Peekaboo is a classic game for babies for a reason. Infants are fascinated by unexpected actions and images, yet when it comes to human characteristics they tend to focus on the familiar. By tracking babies’ gazes, pupil dilation and brain activity, researchers have uncovered several patterns in what piques their interest.
The examples below highlight key factors that get an infant’s attention and the ways these curiosities contribute to our understanding of their cognitive development.
The age-old “now you see it, now you don’t” trick may not even fool an infant. In a classic 1985 experiment researchers showed four- to five-month-old infants scenarios in which a box is obscured by a curtain. In one version the box becomes visible again once the curtain is pulled back but in the other it seems to have vanished while behind the curtain. The babies spent more time looking at the illogical scenario, suggesting they understand that objects continue to exist even when out of view.
Three-month-old infants prefer faces from their own ethnic group, researchers found in a 2005 study of 64 Caucasian babies. Tracking the tots’ gazes as they looked at images of faces revealed that they spent more time looking at faces of their own ethnicities than those of other ethnicities. Newborns, however, demonstrated no such preference, implying that exposure to people from various races during early development may shape the way in which adults perceive ethnic differences.
Infants raised primarily by women look longer at images of female faces than male faces, according to a 2002 study of 102 babies. The inverse holds true as well, suggesting that a baby’s preferences for human faces is influenced by the gender of his or her primary caregiver.
Babies are biased toward people who speak their native languages. In a 2013 study, 16 infants watched a video in which a native English speaker and a native French speaker spoke in their respective languages to the infants then silently held up a toy. When the 10-month-olds, who were all raised among English speakers, got the chance to play with the toys in real life, they showed a preference for the toys held by the English speaker. Language, the researchers propose, may be a kind of filter that guides social learning.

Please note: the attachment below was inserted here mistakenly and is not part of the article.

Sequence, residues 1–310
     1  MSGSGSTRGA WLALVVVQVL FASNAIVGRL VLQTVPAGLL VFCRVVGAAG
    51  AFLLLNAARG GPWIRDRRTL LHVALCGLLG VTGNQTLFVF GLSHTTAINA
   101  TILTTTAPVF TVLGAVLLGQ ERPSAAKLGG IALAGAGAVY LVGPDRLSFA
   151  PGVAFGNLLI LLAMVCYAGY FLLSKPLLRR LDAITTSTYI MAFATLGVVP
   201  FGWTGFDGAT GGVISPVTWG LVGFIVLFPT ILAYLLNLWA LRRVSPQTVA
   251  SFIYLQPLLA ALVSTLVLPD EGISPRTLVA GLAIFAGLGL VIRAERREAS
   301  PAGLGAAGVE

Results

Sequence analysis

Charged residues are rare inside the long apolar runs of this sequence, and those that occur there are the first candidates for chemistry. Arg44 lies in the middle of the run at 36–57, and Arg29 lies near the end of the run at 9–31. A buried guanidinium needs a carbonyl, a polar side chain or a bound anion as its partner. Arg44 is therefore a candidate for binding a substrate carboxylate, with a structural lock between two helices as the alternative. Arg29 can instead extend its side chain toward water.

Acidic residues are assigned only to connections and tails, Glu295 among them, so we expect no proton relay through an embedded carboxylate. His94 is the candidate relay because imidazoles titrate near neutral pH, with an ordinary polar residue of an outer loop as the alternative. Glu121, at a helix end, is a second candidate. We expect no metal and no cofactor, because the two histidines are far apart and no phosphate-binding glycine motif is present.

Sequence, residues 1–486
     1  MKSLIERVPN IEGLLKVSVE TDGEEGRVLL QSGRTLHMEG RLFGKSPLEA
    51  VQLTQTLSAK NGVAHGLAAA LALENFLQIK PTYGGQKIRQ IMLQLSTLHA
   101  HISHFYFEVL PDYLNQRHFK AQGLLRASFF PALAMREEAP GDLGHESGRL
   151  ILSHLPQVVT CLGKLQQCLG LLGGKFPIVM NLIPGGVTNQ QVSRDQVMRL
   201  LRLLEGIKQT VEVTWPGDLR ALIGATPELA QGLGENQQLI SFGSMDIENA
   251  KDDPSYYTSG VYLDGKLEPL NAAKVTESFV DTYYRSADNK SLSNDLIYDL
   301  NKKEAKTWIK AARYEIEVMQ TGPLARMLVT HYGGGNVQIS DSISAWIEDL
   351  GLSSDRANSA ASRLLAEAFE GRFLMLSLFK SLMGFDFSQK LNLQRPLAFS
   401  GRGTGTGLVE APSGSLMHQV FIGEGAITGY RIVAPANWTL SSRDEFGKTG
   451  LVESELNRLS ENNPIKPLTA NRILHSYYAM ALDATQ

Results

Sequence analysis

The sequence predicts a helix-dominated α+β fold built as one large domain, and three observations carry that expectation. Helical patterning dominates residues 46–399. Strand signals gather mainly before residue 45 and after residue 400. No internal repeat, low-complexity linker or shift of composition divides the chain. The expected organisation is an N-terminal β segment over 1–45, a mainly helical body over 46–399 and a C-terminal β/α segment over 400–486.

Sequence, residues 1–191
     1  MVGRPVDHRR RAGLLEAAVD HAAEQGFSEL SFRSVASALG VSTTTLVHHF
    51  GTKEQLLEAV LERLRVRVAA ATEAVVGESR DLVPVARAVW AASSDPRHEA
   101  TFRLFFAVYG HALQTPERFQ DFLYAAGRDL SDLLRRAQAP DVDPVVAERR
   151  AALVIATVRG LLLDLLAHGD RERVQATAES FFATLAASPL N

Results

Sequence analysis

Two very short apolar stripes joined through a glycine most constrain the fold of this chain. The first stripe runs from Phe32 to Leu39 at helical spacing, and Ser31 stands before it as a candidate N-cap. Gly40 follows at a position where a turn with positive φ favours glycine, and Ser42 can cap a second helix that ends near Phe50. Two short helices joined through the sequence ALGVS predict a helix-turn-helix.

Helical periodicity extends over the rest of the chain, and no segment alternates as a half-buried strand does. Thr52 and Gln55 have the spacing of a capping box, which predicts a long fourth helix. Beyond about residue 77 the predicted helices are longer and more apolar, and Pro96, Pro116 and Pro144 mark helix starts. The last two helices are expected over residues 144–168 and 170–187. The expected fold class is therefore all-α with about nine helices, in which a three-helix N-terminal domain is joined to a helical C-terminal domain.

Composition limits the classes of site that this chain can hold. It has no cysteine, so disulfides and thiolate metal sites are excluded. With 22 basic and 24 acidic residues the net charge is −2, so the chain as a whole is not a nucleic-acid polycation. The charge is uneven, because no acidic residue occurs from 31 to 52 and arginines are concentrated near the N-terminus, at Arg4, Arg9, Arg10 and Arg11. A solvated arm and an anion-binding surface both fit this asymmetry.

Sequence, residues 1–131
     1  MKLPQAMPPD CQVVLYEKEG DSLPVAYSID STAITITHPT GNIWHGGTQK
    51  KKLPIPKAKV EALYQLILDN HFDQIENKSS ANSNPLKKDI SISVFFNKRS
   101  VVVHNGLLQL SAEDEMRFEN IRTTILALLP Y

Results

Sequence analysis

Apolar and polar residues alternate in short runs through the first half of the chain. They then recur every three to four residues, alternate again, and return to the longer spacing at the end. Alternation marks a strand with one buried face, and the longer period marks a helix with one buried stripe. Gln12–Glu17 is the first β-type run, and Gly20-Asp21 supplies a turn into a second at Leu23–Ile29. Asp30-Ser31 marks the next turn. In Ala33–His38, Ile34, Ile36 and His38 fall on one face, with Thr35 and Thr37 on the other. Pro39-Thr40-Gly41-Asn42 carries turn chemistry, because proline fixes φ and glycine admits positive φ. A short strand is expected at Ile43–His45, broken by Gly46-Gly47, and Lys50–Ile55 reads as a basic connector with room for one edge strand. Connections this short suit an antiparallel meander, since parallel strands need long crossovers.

Even babies as young as six to nine months old can recognize errors in simple math, according to a study conducted on 26 babies in 2006. To convey that 1 + 1 = 2, for example, the experimenters showed the babies a video of one puppet sitting on a table then placed an opaque box in front of the puppet. With the original puppet still obscured, they next placed another puppet behind the box. In the correct scenario, moving the box away reveals two puppets whereas in an incorrect scenario moving it might show only one. They found that the regions of the infants’ brains that showed activity when looking at incorrect math are the same regions in adults that respond to errors. This similarity hints that the development of executive control, which will one day allow the babies to respond to such errors, is already under way at a very young age.
Infants perk up when observing irregular or nonsensical feeding habits, researchers found in 2009 by measuring pupil dilation. In one scenario, for example, the six- and 12-month-old babies observed a woman feeding her friend normally (fork to mouth), in another she feeds the table while her friend waits open-mouthed. Because the infants became more engaged, as indicated by increased pupil dilation, when observing the irrational feeding behavior, the researchers contend that even at a very young age anticipation of goals contributes to their understanding of everyday actions.